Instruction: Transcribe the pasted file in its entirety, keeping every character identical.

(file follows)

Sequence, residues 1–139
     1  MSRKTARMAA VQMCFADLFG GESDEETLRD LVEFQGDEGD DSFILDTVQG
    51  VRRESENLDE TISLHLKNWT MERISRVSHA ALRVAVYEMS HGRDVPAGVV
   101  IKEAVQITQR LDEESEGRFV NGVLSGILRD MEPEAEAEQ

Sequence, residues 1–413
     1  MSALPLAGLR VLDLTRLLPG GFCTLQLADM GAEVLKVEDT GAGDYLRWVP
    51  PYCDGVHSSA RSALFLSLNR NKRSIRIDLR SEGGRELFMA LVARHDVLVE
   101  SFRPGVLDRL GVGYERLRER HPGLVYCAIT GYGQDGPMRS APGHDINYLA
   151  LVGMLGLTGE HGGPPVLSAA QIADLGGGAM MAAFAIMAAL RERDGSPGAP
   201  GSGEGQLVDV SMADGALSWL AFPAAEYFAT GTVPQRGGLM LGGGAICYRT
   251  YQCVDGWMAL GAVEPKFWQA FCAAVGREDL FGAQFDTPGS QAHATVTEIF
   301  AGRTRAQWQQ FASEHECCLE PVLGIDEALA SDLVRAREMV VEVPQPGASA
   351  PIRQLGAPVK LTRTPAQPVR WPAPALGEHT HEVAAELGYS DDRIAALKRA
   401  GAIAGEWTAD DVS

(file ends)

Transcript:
Sequence, residues 1–139
     1  MSRKTARMAA VQMCFADLFG GESDEETLRD LVEFQGDEGD DSFILDTVQG
    51  VRRESENLDE TISLHLKNWT MERISRVSHA ALRVAVYEMS HGRDVPAGVV
   101  IKEAVQITQR LDEESEGRFV NGVLSGILRD MEPEAEAEQ

Sequence, residues 1–413
     1  MSALPLAGLR VLDLTRLLPG GFCTLQLADM GAEVLKVEDT GAGDYLRWVP
    51  PYCDGVHSSA RSALFLSLNR NKRSIRIDLR SEGGRELFMA LVARHDVLVE
   101  SFRPGVLDRL GVGYERLRER HPGLVYCAIT GYGQDGPMRS APGHDINYLA
   151  LVGMLGLTGE HGGPPVLSAA QIADLGGGAM MAAFAIMAAL RERDGSPGAP
   201  GSGEGQLVDV SMADGALSWL AFPAAEYFAT GTVPQRGGLM LGGGAICYRT
   251  YQCVDGWMAL GAVEPKFWQA FCAAVGREDL FGAQFDTPGS QAHATVTEIF
   301  AGRTRAQWQQ FASEHECCLE PVLGIDEALA SDLVRAREMV VEVPQPGASA
   351  PIRQLGAPVK LTRTPAQPVR WPAPALGEHT HEVAAELGYS DDRIAALKRA
   401  GAIAGEWTAD DVS